Nine years ago today, Hurricane Katrina came roaring ashore along the Mississippi Gulf Coast. If I’m remembering correctly, when Katrina made her landfall with a direct hit to the occupied areas of Waveland and Bay St. Louis, Mississippi, it was the third actual landfall for the storm. Earlier in the week, Katrina had crossed the southern tip of Florida and then moved into the warm waters of the Gulf, where she strengthened and became the incredible monster storm that devastated the Coast. She hit east of New Orleans in Plaquemines & St. Bernards Parish before wiping out Coastal Mississippi.
We weren’t worried about it. We should have been when we saw that incredibly well-defined eye and noticed that the storm literally took up almost all of Gulf.
I write about Hurricane Katrina every year on her anniversary. Sometimes I think I do it because people still don’t seem to understand that Katrina happened to Mississippi. New Orleans gets all the play when the national media remembers Katrina – still – to this day – and it is painful for those of us in Mississippi who lived through the fear and uncertainty that she brought with her. I don’t want to minimize what happened to the people of Louisiana and all of the terrible, terrible devastation that happened in New Orleans, but the Gulf Coast of Mississippi was obliterated. You can view a gallery of pictures from a local television station showing destruction and in some cases, the before and after pictures of the same places. Other pictures can be found many places. I took pictures both in Hattiesburg and Gulfport after the storm.
I don’t want to rehash all of the incredible destruction again. It’s been done enough times.
This morning while I was writing, my thoughts were about choices and how my life might be entirely different if I’d made different choices in the lead-up to and the aftermath of Hurricane Katrina.
In early July, Hurricane Dennis formed in the Gulf, and as a precaution, because the projected path at the time was bringing the storm straight up through Mississippi, the University of Southern Mississippi (where I was attending graduate school) made the decision to close the campus. I came from the midwest and the mountain west where we experience tornadoes, earthquakes, and snow and ice storms. Not hurricanes. Because the campus was closed and my colleagues advised me to, I made the decision to pack up my two cats and my most important things and head north to southwest Missouri to ride out the storm with one of my best friends and her family.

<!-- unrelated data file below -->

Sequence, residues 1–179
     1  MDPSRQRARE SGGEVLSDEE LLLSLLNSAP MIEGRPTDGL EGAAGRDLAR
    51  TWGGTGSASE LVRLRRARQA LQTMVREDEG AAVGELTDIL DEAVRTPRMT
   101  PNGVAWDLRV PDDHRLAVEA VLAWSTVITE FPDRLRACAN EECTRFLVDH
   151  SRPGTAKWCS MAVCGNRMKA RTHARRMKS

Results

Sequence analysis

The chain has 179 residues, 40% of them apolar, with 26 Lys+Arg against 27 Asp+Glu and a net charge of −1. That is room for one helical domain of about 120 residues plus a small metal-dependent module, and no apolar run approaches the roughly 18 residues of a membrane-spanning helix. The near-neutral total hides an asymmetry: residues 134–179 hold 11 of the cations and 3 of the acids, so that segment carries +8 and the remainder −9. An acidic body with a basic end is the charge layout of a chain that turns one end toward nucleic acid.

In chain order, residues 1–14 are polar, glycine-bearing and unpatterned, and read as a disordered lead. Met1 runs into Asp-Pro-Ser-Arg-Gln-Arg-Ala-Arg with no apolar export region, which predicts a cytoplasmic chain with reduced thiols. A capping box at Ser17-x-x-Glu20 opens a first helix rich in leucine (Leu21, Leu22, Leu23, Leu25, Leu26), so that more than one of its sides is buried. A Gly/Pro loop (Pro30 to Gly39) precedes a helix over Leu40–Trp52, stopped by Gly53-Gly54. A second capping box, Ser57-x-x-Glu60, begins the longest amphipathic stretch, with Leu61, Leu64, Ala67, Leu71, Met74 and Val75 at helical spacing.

It turns out that for Mississippi, and particularly Hattiesburg where I lived at the time, Dennis was a non-event. I now know that almost all hurricanes, regardless of the projected path, are going to make an eastwardly turn at the very end. If the storm is projected to come in East of you, don’t worry a whole lot. If it’s projected to come in on top of you, be concerned. If it’s projected to come in West of you, be very concerned.
I felt foolish for having left, which contributed to my decision to stay for Hurricane Katrina. Having left for one storm and doing all that entailed, I didn’t want to go through it all again. My first hurricane season and my first storm and I already had storm fatigue.
As the Hurricane Hunters flew into the storm and the radar pictures kept coming in on the news, I wasn’t scared or anything. The storm was predicted to come into Louisiana and as far north as we were in Hattiesburg (which is a good 80-90 miles from the Coast), we should have been fine…if the storm had made landfall where originally predicted. I went about my business, thinking not much of it, not worried, not bothered, not anything really. Until Sunday when the track started coming further east.
Some time that afternoon, my now-mother-in-law but then friend of approximately one month called and asked me what I was doing for the hurricane. I told her I didn’t have any plans, was just going to hang out at the house by myself – that crappy little duplex on Camp Street that my Sner said I couldn’t stay in when she helped me move in – for the storm. Future MIL, then Friend said I couldn’t experience my first hurricane alone.
It seems that some of the best times of my life here in the South have been prefaced by, “You can’t do that alone!” Mardi Gras, various shenanigans, trips to the Delta, visits to New Orleans, hurricanes.
So on that Sunday afternoon, I found myself driving out to Gumbo Acres, taking back roads I’d never been on because the main highway had been contraflowed for people leaving the Coast, with literally an over-night bag and four sticks of butter…because we were going to make cookies. I had no clue what was about to happen.
That night sealed my fate, I think – started me down this road I’m on. Maybe if I’d initially been as scared of Katrina as I had been of Dennis, I would have made the decision to pack up my life again and head north to safer environs. Maybe I would have thought long and hard about whether I needed to stay in Mississippi; after all, I’d already met my year’s residency requirement. It might take awhile, but I could have finished my degree via online courses. Maybe my then friend and I would have formed this close of a bond and Gumbo Acres and its people would have still felt like family long before it actually was. Maybe I might not have stayed in Mississippi after May 2006 when all my coursework was definitely done.
I don’t know. I do know that Katrina and her aftermath – the uncertainty and fear but the care and affection – have blessed me immeasurably. I truly could have done without all the death and destruction, but I am grateful for the opportunities that have come my way.
I have lots to remember about Katrina. This morning I wrote about fear as well as what has changed in my life as a result. Maybe next year that’s where I’ll go, but for now, I’m looking on the bright side of such darkness 9 years ago.